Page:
It's not that I don't enjoy the company of my fellow hikers (I don't enjoy the company of anyone), but rather maintaining a group, especially whilst traveling uphill, is not a fun thing to attempt.
Even less fun? Zigzagging through the endless tour groups who have collectively decided to occupy the entirety of the trail and remain oblivious to anyone behind or beside them (these are the same people responsible for traffic all over the world – it's called the fast lane for a reason).
Looks like this is going to be the longest five-mile hike I've ever been on.
As I press up the barren mountainside, the hikers above me continue to stir up dust which mixes with the moisture in the air and creates an endless fog of freezing mist that I can swear was just dirt.
The dampness borders on rain and I keep my pack cover on just in case the weather decides to take a sudden turn (my relationship with weather is forever broken).
It may appear obvious when you look at it, but it wasn't something I thought about ahead of time: this mountain is barren. Everywhere you go there's the same dirt path with the same boring expression – no trees, no plants, no vegetation. Thirty minutes beyond the fifth station and you have only clouds to keep you company (at least clouds are nice – when you're not in them).
Eventually, I decide it's time for a breather (however, I know that lingering for long will put me at risk of being passed by a large, slow-moving mass). Staring up into the mist I can see the lights from the next station. And the one after that. And at least two more beyond. It's an awful sight.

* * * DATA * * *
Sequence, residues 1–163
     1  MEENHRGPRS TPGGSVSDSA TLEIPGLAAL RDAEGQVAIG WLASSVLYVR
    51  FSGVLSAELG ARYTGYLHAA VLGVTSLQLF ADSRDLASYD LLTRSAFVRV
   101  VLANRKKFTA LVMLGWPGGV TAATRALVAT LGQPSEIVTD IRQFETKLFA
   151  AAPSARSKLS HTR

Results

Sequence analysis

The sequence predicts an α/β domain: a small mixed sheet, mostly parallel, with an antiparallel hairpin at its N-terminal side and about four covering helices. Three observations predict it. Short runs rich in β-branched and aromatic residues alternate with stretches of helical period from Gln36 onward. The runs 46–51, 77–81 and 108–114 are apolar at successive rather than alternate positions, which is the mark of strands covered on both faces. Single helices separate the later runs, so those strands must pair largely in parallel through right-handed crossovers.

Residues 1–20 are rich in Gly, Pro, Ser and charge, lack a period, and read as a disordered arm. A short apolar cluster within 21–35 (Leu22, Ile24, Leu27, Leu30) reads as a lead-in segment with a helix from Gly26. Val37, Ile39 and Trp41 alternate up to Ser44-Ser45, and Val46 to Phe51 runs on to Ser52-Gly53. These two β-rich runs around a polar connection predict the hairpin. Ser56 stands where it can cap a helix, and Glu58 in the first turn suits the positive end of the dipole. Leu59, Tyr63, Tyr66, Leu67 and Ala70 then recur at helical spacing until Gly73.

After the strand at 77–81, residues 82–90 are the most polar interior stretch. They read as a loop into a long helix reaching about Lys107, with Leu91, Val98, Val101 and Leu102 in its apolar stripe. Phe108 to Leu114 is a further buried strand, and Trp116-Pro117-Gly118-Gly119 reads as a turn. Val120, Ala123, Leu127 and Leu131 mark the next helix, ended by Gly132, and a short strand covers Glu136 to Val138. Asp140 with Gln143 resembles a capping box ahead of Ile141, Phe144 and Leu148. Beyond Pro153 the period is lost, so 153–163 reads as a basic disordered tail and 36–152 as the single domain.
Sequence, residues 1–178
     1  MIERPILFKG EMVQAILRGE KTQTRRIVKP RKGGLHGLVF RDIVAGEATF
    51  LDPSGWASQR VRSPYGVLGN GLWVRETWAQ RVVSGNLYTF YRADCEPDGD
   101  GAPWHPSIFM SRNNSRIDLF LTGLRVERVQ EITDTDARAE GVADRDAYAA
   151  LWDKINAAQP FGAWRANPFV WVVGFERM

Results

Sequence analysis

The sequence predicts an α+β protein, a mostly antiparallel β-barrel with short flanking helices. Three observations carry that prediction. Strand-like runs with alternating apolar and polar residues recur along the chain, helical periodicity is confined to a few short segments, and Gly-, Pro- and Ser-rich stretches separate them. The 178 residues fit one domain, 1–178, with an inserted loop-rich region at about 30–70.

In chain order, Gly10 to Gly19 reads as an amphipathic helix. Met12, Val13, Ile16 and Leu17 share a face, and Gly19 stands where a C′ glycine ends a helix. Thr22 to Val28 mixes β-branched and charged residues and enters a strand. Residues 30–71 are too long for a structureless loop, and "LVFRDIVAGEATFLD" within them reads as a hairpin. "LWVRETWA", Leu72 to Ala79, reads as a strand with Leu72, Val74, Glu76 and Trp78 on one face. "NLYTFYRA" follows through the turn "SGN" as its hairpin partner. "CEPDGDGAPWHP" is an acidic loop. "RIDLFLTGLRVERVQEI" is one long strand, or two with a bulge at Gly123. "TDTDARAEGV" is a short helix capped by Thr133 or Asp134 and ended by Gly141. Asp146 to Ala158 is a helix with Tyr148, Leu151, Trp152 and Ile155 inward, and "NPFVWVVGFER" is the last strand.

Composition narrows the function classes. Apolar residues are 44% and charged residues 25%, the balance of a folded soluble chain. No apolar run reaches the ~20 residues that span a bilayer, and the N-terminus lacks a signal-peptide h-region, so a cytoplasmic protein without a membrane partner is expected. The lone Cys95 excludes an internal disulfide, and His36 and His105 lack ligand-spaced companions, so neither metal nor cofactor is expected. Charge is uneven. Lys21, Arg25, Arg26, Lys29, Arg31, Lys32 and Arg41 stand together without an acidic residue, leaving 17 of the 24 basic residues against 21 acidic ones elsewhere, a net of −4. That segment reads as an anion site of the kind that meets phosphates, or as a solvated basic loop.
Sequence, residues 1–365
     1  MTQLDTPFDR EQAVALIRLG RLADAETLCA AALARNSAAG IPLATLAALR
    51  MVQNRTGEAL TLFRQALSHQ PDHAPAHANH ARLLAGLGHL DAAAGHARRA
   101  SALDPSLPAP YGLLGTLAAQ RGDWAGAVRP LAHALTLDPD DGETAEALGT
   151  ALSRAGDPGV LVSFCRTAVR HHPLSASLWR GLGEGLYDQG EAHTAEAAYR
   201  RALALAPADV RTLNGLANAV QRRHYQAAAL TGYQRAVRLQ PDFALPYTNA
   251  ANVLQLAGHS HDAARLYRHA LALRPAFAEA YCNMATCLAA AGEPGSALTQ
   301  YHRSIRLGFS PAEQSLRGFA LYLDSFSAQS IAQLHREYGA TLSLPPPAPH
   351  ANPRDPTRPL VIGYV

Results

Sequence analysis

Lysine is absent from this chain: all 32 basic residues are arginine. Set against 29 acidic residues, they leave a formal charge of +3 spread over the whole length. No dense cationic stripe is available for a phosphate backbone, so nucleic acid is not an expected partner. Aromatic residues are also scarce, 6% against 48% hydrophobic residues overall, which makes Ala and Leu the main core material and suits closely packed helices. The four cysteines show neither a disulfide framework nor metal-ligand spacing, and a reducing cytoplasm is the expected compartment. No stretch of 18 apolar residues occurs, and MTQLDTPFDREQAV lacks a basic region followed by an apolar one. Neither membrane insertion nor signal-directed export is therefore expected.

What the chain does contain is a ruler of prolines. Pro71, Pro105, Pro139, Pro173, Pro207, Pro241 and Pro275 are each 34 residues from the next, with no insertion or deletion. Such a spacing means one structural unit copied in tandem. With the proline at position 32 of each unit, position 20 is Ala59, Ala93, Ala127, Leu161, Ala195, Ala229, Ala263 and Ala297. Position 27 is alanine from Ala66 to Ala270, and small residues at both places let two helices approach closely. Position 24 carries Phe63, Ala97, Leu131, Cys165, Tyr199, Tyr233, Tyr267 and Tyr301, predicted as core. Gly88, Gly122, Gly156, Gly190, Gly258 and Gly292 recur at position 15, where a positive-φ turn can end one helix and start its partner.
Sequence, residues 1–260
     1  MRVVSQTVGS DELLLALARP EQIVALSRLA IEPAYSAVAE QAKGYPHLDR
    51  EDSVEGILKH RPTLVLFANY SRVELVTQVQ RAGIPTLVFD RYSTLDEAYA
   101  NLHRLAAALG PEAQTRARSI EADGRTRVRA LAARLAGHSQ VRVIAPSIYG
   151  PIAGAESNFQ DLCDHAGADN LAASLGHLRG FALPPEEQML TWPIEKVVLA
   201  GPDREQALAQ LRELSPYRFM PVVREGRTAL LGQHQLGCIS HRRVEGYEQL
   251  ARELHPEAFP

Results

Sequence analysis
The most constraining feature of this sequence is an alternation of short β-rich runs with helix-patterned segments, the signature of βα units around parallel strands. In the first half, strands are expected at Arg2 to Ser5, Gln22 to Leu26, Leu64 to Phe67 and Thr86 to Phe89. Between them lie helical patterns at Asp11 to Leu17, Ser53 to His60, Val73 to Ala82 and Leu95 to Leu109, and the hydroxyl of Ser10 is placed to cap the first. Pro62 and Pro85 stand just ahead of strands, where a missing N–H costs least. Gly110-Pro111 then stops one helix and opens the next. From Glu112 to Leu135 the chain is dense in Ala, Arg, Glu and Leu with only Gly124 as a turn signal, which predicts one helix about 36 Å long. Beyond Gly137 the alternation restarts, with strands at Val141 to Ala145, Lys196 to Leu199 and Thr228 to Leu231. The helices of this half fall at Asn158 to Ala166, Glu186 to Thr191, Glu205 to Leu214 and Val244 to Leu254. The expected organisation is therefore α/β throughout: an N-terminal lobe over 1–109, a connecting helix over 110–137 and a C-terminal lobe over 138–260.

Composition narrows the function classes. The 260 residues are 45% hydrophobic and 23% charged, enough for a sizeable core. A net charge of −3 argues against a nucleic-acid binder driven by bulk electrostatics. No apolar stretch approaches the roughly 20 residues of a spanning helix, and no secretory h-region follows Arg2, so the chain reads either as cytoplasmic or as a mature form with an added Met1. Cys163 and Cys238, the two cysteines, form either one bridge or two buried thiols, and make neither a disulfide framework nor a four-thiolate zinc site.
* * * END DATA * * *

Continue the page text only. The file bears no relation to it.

The rest of my climb up is really just more of the same: neatly groomed switchbacks crammed with hikers sprinkled with the occasional narrowing of the trail to get over some rocky outcrops.
Once I make it past the eighth station I find myself relatively alone. I suspect that many hikers are taking their time below and attempting to time their summit with the sunrise (hence the giant queue of people who don't actually make the summit in time).
Caught up talking to an unexpectedly discovered Brazilian friend, two of my crew catch me and we make a push for the summit together.
Soon I am standing atop the highest point in Japan. And there are vending machines. The fuck is going on here?
We check the time. Only four hours until sunrise. Huzzah!
At least I beat the crowds.
We find only a dozen or so others scattered about the summit as we survey the area and decide to do with the rest of our night. The wind picks up as our bodies cool down and we realize that our time spent waiting for the Earth to turn around and face that fiery ball we're floating around (that will one day destroy us) will not pass easily.
Layering up we discover that none of us have enough clothing to keep properly warm – and so we huddle. Pressed together on the porch of what I will later discover is a restaurant, we close our eyes and attempt to catch some sleep as the nearby vending machines blast us with light.
As the icy fingers of hypothermia reach into my jacket, I can't help but continue to wonder why in the hell there are vending machines up here.